Both sound studies and secular studies have come into their own as ramified intellectual discourses. The time is ripe for bringing them into dialogue with one another. That they ought to be in dialogue is suggested by Cornel West’s recent assertion that “secular thinkers must become more religiously musical.” “Sound and Secularity” brings together scholars in a variety of disciplines with faculty from the Stony Brook Music, History, and Philosophy departments to engage with questions raised by putting these studies into dialogue. 

Moving away from visual epistemologies implied by terms such as “worldview” and “perspective” we aim to interrogate how secularity sounds and what it means to listen in a secular age—to use Charles Taylor’s expression—and after. We will address questions that are increasingly urgent in a hyperconnected world in which religion, far from being relegated to the past, is as strongly affirmed—and just as often denied—fact of public and private life. How do we listen and respond to others whose systems of belief do not accord with our own? How do sound and secularity function in governance? Must secularism be assumed as the basis for such intersubjective listening? How do religious sounds carry (and how are they received) in a secular public space? How have secular sounds been sacralized, and to what ends? How does public sounding and listening carry into more intimate, private sphere?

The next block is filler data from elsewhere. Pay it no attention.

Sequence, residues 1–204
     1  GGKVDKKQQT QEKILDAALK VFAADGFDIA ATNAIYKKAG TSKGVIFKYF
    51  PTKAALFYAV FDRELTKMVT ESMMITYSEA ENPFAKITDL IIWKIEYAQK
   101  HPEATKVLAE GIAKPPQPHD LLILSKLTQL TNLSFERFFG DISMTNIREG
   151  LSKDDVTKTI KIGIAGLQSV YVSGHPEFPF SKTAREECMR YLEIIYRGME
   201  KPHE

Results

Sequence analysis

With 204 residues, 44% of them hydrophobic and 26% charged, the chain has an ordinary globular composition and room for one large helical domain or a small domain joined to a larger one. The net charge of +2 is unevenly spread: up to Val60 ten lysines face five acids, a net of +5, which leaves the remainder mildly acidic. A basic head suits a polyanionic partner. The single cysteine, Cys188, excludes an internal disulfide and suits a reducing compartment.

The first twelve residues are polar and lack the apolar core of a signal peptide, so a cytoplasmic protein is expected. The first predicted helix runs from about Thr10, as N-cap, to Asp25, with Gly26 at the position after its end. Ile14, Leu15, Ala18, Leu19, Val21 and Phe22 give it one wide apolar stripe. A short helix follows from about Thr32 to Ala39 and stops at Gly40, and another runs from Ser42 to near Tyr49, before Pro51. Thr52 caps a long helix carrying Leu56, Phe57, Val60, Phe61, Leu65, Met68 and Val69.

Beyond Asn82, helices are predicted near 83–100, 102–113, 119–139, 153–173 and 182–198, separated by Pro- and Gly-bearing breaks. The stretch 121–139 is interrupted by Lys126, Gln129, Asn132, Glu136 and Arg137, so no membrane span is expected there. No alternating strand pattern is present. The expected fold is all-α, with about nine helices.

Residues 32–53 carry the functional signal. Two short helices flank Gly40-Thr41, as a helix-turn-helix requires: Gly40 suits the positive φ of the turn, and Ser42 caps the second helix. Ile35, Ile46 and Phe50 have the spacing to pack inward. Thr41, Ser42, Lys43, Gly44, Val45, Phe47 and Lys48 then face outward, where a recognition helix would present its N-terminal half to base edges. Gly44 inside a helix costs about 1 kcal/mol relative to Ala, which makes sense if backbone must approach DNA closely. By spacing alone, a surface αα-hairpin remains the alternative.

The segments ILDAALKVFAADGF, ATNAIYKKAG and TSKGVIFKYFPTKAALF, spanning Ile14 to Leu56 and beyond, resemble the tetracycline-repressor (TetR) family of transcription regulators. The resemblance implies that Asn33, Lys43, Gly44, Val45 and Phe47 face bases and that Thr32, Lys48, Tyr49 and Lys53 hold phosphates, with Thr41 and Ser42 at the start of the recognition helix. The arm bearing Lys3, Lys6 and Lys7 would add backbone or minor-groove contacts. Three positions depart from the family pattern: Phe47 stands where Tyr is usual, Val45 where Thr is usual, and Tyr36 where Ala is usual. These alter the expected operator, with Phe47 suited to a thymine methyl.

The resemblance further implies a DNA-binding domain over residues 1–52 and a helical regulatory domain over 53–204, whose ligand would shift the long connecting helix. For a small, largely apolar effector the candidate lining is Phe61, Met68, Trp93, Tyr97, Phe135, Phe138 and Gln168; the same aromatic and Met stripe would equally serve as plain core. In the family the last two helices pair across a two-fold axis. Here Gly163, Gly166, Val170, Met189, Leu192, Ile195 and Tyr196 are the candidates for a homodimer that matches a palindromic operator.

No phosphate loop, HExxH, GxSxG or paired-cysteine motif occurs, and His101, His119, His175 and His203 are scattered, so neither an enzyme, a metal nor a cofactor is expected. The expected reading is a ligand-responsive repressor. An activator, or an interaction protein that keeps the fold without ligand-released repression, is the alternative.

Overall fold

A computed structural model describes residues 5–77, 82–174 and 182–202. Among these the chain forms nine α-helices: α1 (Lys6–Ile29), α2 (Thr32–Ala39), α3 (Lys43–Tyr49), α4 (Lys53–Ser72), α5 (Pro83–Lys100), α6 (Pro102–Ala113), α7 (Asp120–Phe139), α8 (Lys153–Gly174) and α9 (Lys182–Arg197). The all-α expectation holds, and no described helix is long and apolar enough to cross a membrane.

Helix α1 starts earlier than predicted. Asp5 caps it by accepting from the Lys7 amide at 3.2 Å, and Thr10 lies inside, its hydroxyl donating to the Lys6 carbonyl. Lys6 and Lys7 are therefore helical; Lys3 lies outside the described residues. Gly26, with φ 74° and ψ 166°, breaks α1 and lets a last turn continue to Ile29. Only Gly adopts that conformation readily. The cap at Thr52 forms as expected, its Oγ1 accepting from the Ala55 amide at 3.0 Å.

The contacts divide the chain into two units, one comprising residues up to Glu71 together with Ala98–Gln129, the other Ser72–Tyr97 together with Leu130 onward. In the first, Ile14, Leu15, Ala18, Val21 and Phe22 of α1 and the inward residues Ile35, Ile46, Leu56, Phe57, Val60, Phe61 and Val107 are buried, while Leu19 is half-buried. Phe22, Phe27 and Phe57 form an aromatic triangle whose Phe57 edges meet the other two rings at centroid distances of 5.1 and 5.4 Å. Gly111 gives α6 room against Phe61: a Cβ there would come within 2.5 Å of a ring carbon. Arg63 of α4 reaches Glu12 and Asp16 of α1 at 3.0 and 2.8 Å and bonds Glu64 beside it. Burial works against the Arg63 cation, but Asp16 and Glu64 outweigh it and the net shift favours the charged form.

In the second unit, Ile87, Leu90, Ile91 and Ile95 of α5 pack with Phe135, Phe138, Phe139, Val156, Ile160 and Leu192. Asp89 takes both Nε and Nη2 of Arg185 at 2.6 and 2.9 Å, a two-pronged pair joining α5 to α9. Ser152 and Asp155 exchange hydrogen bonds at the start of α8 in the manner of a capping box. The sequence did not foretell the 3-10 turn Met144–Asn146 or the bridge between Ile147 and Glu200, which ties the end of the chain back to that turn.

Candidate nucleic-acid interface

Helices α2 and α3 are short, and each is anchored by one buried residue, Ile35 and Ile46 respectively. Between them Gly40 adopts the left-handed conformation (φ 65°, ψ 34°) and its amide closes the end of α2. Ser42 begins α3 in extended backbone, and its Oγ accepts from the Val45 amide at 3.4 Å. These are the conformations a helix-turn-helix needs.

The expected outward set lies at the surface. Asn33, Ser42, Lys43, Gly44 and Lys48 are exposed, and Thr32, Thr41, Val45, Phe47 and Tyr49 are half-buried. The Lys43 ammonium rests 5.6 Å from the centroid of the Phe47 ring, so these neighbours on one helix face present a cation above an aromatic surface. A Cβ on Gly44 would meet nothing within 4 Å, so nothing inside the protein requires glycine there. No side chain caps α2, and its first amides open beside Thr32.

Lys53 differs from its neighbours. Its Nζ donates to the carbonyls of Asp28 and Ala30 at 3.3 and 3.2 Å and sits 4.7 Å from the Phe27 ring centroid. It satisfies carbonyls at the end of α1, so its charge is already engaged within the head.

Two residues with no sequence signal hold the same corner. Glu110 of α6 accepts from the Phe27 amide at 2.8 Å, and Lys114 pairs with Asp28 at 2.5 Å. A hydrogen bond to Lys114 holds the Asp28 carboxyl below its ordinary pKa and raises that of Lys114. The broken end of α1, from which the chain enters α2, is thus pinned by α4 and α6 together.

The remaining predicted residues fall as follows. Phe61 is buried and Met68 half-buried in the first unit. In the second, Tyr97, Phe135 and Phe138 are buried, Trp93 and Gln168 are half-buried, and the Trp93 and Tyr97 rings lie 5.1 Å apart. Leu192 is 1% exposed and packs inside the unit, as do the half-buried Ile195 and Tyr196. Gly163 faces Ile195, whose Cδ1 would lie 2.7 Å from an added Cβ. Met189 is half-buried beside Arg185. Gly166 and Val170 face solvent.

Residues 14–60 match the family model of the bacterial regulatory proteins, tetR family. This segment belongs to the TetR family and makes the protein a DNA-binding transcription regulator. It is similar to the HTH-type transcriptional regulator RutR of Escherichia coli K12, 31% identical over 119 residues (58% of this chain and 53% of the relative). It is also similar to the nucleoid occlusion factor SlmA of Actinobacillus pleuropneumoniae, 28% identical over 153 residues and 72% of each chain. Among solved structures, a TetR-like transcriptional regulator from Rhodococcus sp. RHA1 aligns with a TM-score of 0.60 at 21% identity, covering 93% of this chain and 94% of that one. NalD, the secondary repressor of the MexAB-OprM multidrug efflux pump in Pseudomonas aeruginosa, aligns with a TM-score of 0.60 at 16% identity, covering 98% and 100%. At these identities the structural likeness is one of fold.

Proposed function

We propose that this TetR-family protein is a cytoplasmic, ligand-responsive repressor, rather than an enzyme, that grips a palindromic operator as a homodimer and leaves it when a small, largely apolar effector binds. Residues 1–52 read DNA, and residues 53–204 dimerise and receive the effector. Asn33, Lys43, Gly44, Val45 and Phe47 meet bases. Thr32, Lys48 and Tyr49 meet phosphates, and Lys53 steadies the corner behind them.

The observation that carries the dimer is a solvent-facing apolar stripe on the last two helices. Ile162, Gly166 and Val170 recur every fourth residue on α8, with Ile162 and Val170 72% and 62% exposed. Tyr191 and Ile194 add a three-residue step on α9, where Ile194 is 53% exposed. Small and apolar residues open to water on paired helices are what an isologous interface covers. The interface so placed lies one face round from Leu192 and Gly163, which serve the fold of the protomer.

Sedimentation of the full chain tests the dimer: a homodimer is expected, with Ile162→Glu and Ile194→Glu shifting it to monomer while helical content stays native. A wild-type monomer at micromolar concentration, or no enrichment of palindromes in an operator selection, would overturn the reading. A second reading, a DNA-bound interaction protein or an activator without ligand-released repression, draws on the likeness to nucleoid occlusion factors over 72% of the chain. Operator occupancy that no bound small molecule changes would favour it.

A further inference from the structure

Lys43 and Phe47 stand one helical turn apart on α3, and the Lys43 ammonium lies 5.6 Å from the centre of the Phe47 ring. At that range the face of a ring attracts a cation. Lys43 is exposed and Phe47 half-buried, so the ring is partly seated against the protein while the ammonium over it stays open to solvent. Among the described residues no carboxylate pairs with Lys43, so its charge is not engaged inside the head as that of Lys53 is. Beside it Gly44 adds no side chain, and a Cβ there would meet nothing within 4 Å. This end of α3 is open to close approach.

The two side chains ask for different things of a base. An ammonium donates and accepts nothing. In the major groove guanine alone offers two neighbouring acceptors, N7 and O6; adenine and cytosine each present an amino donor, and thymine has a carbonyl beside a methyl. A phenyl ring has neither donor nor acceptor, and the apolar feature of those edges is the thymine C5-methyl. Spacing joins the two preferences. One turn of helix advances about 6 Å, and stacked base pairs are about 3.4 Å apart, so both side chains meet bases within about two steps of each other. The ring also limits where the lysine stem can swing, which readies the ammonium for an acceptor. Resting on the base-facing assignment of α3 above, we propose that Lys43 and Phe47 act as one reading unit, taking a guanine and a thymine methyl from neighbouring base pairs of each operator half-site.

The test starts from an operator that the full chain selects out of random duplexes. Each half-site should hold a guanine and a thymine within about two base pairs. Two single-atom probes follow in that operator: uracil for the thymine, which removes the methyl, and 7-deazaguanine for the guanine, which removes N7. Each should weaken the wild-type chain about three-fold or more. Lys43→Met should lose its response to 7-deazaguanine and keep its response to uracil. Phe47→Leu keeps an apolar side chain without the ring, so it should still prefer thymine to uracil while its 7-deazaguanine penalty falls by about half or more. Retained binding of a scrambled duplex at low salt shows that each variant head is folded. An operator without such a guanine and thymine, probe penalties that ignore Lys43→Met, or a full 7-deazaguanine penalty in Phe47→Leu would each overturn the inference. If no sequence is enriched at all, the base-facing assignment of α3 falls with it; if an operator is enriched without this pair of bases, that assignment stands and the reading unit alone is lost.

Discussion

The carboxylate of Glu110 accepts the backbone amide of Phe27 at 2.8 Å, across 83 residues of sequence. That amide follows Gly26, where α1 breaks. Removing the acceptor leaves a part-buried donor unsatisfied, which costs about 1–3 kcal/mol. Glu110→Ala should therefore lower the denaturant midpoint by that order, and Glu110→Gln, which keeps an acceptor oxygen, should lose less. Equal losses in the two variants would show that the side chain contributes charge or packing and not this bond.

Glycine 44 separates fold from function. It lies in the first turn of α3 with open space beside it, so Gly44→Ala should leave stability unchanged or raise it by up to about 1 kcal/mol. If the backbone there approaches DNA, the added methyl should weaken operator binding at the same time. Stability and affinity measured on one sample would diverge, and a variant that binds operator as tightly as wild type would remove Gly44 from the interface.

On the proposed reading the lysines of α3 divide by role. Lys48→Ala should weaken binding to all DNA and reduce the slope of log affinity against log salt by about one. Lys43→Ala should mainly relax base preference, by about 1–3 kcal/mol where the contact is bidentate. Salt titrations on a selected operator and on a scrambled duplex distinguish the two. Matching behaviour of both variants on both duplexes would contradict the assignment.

“Sound and Secularity” is made possible by support from the Faculty in the Arts, Humanities and lettered Social Sciences (FAHSS) fund, the Humanities Institute at Stony Brook, and the Stony Brook Department of Music.